A message in a book I’m reading helped me pinpoint why there are difficulties in life, particularly when dealing with troublesome people in Bucks County, PA.  Dealing With Difficult People, by Charles J Keating, which someone gave me as a joke when I kept company with a homeless woman who left the neighborhood some time ago, planted a light bulb atop my head.

In the Chapter Difficult People in Groups, referencing an “expert” the author writes “He suggests that accurate perception of others within a group is not desirable if we are seeking the best means to healthy and productive interpersonal relationships within the group.” Quoting the source: “…accurate, objective but unfavorable perceptions may be less desirable for many good relationships than inaccurate but favorable perceptions. Most people want to be accepted for what they would like to be, not for what they really are.”  Keating expounds: “In this context he asks whether a child, viewed by his or her parents accurately as stubborn and disobedient, will relate better within the family than the child who is received inaccurately (my emphasis) as charming, well-behaved and intelligent.”

Really? No, the “expert” is not being realistic. So we should all pretend people are OK when they are not? Using the example of a child, the brats that soccer moms bring to the public library in Levittown evidently were just given a pass by their parents, never disciplined when they misbehaved. The bad behavior was ignored and instead the brats were viewed as what the parents would like them to be. They were never told, for example, as was my daughter in preschool, that when inside they need to use “an indoor voice.”

The preschool reinforced my child rearing just as does the Levittown librarian for the soccer moms by giving the noisy brats a pass when they disrupt others at the library.

Some time ago, I confronted the librarian about the double standard at the library, where if a homeless person speaks not much more than a whisper, they are hassled but nothing is done about the brats, who are much louder than are kids who play at Chucky Cheese. The librarian said that she does do something about the noisy kids. So, her inaccurate perception is preferable to the truth in this instance because the library is what she would like it to be, not as it really is. It’s no surprise that Pat is a big fan of Hillary Clinton.

Speaking of the former Wicked Witch of The West Wing, the election clearly was a battle in the culture war. It’s a war about institutions such as the rule of rule of law, free speech, and equal protection of the law.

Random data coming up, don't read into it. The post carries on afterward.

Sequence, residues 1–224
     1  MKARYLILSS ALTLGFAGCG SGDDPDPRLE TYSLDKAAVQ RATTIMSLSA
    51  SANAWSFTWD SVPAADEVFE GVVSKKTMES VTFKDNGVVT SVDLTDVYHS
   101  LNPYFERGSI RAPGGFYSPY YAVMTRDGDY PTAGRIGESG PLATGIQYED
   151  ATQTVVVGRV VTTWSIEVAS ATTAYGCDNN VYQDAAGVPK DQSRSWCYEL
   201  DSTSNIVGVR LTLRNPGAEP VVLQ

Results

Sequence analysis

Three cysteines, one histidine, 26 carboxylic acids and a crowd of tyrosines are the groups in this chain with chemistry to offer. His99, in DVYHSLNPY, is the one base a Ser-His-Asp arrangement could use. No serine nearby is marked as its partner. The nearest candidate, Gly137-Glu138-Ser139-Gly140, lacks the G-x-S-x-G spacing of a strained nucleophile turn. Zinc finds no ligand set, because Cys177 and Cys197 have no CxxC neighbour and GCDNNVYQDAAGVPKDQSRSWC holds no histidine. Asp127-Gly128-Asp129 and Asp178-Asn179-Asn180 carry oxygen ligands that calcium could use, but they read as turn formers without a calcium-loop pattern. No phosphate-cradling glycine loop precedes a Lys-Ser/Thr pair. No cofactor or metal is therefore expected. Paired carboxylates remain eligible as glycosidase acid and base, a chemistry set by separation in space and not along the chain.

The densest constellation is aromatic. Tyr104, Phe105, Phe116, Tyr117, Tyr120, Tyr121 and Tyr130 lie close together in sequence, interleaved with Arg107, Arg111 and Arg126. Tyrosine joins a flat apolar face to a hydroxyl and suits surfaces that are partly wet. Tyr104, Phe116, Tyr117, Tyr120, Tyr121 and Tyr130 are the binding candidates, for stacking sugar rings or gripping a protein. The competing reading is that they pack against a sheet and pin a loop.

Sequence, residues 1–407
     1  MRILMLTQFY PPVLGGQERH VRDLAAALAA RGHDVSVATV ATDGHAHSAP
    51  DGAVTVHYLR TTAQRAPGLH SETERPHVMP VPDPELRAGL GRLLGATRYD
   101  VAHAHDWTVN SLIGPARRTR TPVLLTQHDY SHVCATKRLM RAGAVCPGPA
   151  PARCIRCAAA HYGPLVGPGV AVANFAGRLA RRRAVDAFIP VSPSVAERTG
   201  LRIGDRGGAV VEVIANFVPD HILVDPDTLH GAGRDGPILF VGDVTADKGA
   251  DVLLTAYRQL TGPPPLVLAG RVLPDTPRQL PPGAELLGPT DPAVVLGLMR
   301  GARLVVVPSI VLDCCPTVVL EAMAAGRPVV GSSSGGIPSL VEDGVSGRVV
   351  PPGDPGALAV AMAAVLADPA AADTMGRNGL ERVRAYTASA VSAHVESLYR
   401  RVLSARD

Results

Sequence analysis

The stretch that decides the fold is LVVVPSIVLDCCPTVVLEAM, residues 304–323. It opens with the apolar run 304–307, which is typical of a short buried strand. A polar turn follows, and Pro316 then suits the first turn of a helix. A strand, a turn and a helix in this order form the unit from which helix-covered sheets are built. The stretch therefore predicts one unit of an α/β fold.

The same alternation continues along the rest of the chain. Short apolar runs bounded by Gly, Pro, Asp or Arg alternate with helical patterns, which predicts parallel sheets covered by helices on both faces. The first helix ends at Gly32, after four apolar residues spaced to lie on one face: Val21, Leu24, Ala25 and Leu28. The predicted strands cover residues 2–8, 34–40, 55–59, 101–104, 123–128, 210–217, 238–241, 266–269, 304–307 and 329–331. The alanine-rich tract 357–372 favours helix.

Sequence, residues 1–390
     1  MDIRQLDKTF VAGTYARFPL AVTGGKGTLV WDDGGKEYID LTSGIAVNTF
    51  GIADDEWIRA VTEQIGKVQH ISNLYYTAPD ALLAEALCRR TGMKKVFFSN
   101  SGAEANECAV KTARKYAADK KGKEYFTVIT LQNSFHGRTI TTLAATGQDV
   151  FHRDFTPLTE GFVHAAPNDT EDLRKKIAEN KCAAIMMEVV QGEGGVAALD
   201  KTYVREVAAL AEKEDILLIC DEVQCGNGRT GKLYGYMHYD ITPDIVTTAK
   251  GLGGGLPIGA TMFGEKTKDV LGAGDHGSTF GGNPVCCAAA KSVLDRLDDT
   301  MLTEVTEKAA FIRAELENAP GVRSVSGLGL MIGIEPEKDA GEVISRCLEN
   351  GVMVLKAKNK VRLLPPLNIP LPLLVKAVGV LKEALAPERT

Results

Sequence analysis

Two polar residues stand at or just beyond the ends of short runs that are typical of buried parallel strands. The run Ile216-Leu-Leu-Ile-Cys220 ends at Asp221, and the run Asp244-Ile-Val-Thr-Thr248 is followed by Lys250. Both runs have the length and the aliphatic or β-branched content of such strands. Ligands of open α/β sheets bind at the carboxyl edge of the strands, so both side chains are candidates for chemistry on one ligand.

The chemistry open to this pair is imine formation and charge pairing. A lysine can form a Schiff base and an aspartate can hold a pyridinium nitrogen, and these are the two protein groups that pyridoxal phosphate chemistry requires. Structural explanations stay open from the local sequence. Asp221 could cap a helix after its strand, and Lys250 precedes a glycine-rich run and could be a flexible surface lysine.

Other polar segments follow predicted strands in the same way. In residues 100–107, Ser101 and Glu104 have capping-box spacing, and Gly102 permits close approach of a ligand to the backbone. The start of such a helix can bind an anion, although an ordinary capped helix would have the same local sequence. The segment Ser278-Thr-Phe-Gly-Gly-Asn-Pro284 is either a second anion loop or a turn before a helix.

The 411 on the culture war:

The mores of some people in the homeless and needy community in Bucks County include “do not snitch” when someone does something wrong, even if it is a criminal act, and don’t call certain people out when they, for instance, hog all the desserts and do other things at a community meal for the homeless and those in need that affects others. Just as the librarian reinforces bad behavior of undisciplined kids, the Advocates for the Homeless and Those in Need (AHTN) enables bad, even criminal behavior.

By the way, for those of you in Doylestown, Definition of Mores:

” plural noun, Sociology.

folkways of central importance accepted without question and embodying the fundamental moral views of a group.”

One of the mores is that it’s OK to intimidate, even threaten with violence someone who sees something that affects others and expresses an opinion about it. This was the case when I was threatened, but unsuccessfully intimidated, although annoyed and perplexed, at one of the community dinners by members of the suburban gangstas.

HUD director Ben Carson remarked that a problem today is that people are afraid to express their views for fear of retaliation. I agree with Dr. Carson. The trick, however, is to consider, as Kenny Rogers sang,    “You‘ve got to know when to hold ’em
Know when to fold ’em
Know when to walk away
And know when to run”

Another example is when a guest at a homeless meal loudly complained about a guy in line who called the police on a fugitive wanted for attacking another guest at a homeless meal. “It’s terrible, it’s terrible!”, he repeatedly exclaimed. The fugitive, now in jail, habitually came to the meals drunk and verbally harassed and physically threatened other guests, and – the waterloo-  knocked down and injured another guest. All along, AHTN pussyfooted in the matter, even getting him off Scott free in one instance. I believe that AHTN is sucking up to those responsible for helping the fugitive escape.